Although things were less frenzied than in the equity market, by their own sober standard, credit investors were fine about the new borrowing. Credit spreads for US corporates declined across the board. It’s telling that spreads of companies that borrowed the most, such as IBM or Bristol Myers Squibb, declined more than companies that didn’t increase debt.
As with equities, perhaps the M&A deals that drove the borrowing seduced investors, offering them a more compelling growth narrative than the alternative of sitting on the sidelines doing nothing. And they can ignore all the worrying recessionary and geopolitical signals because they know that the Fed has their back.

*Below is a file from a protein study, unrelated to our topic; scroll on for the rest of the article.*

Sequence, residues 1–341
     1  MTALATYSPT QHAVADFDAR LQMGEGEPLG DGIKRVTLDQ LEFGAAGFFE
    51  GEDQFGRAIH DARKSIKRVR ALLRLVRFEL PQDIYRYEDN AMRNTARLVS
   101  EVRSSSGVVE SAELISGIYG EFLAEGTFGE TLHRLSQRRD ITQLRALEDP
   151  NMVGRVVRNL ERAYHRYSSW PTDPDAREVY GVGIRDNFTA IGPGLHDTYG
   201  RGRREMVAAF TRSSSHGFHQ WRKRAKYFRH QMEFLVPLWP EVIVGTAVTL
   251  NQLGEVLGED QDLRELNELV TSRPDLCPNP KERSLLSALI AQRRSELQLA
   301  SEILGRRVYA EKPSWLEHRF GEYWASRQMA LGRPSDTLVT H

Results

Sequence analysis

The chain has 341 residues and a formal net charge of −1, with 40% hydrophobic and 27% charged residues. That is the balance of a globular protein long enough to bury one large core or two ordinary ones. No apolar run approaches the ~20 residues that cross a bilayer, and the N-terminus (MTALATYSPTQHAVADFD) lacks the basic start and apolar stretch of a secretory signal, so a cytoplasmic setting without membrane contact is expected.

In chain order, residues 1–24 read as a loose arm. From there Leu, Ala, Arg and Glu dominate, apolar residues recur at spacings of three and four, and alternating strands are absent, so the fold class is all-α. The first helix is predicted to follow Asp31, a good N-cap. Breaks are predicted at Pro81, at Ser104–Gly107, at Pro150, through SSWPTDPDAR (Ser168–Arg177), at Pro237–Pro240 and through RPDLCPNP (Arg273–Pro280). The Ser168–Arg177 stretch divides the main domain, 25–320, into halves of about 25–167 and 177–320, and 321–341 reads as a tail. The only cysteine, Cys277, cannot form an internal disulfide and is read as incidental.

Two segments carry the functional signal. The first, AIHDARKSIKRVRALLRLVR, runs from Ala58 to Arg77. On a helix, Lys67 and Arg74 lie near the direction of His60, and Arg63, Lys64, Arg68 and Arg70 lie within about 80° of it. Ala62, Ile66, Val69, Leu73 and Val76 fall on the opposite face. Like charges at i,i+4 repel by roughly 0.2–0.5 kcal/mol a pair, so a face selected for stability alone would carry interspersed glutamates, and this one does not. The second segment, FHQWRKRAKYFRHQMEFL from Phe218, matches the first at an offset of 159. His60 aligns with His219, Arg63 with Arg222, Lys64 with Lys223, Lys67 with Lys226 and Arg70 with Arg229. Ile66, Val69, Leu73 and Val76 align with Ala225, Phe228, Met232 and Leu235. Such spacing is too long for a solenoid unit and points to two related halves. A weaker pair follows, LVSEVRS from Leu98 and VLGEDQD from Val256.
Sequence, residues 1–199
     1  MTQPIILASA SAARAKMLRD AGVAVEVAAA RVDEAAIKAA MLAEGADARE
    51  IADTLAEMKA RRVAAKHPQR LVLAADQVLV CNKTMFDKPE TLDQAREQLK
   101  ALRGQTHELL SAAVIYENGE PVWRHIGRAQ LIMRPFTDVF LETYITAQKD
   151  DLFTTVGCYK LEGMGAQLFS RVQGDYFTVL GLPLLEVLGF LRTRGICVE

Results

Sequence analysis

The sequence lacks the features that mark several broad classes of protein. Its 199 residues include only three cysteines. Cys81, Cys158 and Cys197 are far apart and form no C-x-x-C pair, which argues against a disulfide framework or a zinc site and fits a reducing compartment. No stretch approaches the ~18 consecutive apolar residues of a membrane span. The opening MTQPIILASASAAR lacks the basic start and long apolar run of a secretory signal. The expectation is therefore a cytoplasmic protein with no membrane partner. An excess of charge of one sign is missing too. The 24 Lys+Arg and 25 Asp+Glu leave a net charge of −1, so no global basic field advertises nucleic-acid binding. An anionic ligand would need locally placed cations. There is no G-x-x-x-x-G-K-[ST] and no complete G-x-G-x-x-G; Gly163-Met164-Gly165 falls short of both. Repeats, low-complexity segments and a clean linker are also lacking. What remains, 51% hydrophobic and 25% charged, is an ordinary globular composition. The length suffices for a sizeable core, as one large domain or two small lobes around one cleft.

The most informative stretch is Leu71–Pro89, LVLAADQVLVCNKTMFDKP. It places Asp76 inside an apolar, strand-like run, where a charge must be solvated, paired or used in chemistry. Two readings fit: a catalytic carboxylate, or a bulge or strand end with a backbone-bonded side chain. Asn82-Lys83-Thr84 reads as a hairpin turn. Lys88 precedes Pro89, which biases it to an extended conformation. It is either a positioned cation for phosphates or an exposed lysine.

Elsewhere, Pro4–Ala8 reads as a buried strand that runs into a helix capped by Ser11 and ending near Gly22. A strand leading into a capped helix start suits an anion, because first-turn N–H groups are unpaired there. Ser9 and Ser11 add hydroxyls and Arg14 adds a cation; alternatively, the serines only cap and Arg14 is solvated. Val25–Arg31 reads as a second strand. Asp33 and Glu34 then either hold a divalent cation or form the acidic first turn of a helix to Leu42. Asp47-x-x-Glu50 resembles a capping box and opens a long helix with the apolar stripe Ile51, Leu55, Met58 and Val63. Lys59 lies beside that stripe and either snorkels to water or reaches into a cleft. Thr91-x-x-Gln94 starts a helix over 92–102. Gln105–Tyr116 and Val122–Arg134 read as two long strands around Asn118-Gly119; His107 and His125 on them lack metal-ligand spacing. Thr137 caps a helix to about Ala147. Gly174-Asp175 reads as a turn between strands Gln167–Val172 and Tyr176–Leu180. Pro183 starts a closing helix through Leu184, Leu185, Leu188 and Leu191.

Risky Finance has crunched the year-end regulatory filings for the biggest 11 global banks. For those who aren’t subscribers to the full database, here are some of the key trends we noticed.
1) Is reducing risk increasing it?
Troubled Deutsche Bank is on a mission to cut its complex balance sheet and reduce risk, and at first sight, the numbers bear that out. The bank shrank its derivative assets by more than 15 per cent in 2018, and its total assets by more than 12 per cent.
However, Deutsche’s regulatory capital requirement or risk-weighted assets barely went down despite credit and operational RWA reductions of five per cent apiece. The culprit? An unexpected 15 per cent increase in market RWAs that was caused by the balance sheet reduction.
It sounds like a contradiction but a paragraph buried in the bank’s annual report explains why.
“The increase was primarily driven by stressed value-at-risk”, Deutsche said, “coming from a reduction in diversification benefit due to changes in the composition of interest rate and equity related exposures”.